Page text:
The PhysX software engine is capable of scaling complexity and performance if there is hardware present, and with NVIDIA GPUs essentially being that hardware there is certainly an instantaneously larger install base for PhysX. This totally tips the scales away from the need for dedicated hardware and towards the replacement of the PPU with the GPU at this point in time. We'll look at the future in a second.

The Face of the Competition

The Enemy of My Enemy Is What Now?

Who is NVIDIA's competition when it comes to their burgeoning physics business? It's certainly not AMD now that Havok is owned by Intel, and with the removal of AGEIA, we've got one option left: Intel itself.

Sure, maybe a developer could write his/her own physics engine directly for AMD GPUs, but that isn't going to go very far very quickly. That kind of project takes time. The bottom line is that without the support of a physics engine, AMD's GPUs can't be realistically thought of as a viable alternative to CPU based physics. While their CPUs will certainly benefit from whatever agenda Intel has with Havok, AMD doesn't have the same luxury Intel does of ignoring (directing?) the impact of its actions on the graphics market.

With Intel's march down the multi-threaded path towards their proposed many core architectures, NVIDIA has to be feeling at least a little heat. They need to expand their own relevance to push out of the graphics box into the grey area between many single threaded cores and true parallel computing. There are plenty of ways to do this, and if they establish themselves now it will be easier to fight the battles they may be presented with when CPU and GPU eventually meet again somewhere in between many cores that handle single threaded dependent code well and true massively parallel computing.

A Cold Front Moving Through Hell

While not stating that anything is in the works and even noting that it would be hard to logistically organize, NVIDIA's Tony Tamasi stated that they are committed to working with any of their competitors in the GPU market to get PhysX running on their hardware. The major concern is to put more powerful physics options in the hands of developers, and having PhysX enable hardware accelerated physics on any GPU would set the stage for a physics revolution. We would see developers actually start to push the limits of the hardware because everyone would have access to it.

And, more importantly from NVIDIA's perspective, it would put advanced physics out of reach of current CPU architectures. Even though a GPU may not be as well suited to physics as dedicated hardware, a modern CPU is vastly inferior to both. Getting more developers to implement PhysX, selling them on the pervasiveness of hardware support, and bringing a more impactful user experience to gamers could help push PhysX past Havok in the physics market.

Final Words

Isn't NVIDIA a Hardware Company?

So, rather than being about the PhysX hardware, this acquisition is all about the software. NVIDIA is relying on CUDA as a vehicle upon which to implement AGEIA's PhysX software. This doesn't require specialized hardware beyond a graphics card, we aren't going to be seeing a PPU stuck next to the next generation GPU, and we aren't even going to be seeing a lot of AGEIA's hardware IP inside of NVIDIA's GPU.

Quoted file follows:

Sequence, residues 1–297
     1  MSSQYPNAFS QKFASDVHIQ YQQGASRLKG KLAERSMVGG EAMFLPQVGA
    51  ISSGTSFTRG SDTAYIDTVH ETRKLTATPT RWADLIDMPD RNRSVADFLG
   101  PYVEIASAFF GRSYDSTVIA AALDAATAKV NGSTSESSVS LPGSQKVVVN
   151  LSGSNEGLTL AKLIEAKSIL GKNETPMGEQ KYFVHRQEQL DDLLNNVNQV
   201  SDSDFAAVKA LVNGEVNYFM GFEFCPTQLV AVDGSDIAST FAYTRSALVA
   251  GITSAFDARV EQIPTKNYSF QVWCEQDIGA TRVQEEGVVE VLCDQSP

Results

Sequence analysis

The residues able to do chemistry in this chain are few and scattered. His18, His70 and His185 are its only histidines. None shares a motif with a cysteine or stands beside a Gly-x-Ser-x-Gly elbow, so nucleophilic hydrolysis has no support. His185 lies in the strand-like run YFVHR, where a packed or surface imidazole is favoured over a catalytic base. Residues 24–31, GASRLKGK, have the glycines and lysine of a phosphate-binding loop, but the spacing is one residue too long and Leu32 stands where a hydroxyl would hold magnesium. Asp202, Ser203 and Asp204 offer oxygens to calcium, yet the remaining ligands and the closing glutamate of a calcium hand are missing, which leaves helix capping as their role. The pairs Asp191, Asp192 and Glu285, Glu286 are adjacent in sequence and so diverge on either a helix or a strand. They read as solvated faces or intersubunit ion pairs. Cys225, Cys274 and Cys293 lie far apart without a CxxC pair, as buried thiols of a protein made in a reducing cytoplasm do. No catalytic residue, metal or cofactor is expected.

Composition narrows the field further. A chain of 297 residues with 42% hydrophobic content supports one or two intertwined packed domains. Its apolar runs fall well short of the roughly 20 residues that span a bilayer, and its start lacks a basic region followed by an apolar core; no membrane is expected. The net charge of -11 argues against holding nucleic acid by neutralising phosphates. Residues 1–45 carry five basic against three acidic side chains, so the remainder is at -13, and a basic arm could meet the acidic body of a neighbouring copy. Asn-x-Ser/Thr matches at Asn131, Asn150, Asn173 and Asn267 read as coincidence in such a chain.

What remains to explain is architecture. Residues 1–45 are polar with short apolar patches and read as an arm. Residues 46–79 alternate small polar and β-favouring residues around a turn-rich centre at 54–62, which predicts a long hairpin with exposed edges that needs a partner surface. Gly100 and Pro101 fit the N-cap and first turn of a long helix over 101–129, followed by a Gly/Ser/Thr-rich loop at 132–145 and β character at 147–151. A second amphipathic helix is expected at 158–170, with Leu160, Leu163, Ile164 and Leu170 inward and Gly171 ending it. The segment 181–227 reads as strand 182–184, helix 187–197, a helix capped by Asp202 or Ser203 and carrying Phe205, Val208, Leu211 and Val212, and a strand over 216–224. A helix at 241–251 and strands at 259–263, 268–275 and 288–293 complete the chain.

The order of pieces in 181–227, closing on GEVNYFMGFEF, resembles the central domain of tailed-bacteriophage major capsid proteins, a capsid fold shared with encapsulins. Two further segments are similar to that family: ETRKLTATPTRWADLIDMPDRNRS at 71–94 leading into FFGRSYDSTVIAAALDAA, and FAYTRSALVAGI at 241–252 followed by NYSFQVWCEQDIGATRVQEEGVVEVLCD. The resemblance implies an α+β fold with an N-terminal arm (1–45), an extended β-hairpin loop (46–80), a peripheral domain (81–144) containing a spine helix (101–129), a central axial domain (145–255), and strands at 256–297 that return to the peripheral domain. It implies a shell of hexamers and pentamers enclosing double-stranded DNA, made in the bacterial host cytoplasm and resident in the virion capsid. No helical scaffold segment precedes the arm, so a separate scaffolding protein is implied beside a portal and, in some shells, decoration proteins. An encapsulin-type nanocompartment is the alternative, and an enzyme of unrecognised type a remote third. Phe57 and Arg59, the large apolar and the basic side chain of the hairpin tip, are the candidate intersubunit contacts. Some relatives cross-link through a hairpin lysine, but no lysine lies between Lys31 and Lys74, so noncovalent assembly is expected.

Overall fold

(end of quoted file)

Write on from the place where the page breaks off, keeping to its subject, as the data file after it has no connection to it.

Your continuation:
Tony Tamasi stated that, while NVIDIA may use bits and pieces of PhysX hardware technology, this is not the goal or focus of the acquisition. The idea is that, as DirectX and Shader Models evolve and as graphics becomes a problem that requires better handling of dependant code, GPUs will inherently become better at physics calculations. With CUDA at the center while shader hardware continues to become more capable, eventually everyone will have the hardware to handle a game built around complex physical interactions.  This puts NVIDIA's GPU Computing agenda in a position to effectively benefit the average gamer.

But What of the PPU?

By moving in the direction they are already moving, NVIDIA will eliminate the need for a dedicated physics processor. Especially if AMD can get on board and adopt PhysX. As Graphics cards evolve naturally, they will become better physics processors. In the meantime, the PPU isn't going to just completely vanish. After all, NVIDIA can't port PhysX to their architecture in one night. Our understanding is that current commitments will be met, but beyond that the future is to treat the GPU as a general purpose massively parallel floating point engine that can be used to process physics.

Unfortunately for AGEIA, Cell Factor didn’t turn out to be the GLQuake of the physics world. On the flip side, struggling to sell an overpriced product that didn't offer users a huge tangible incentive isn't a good business model. This move is a logical one for AGEIA as it keeps PhysX relevant even if the stand alone hardware doesn't have much of a future. It also really benefits NVIDIA because they have the opportunity to compete with Intel on physics. Here's to hoping AMD joins forces with NVIDIA on this one.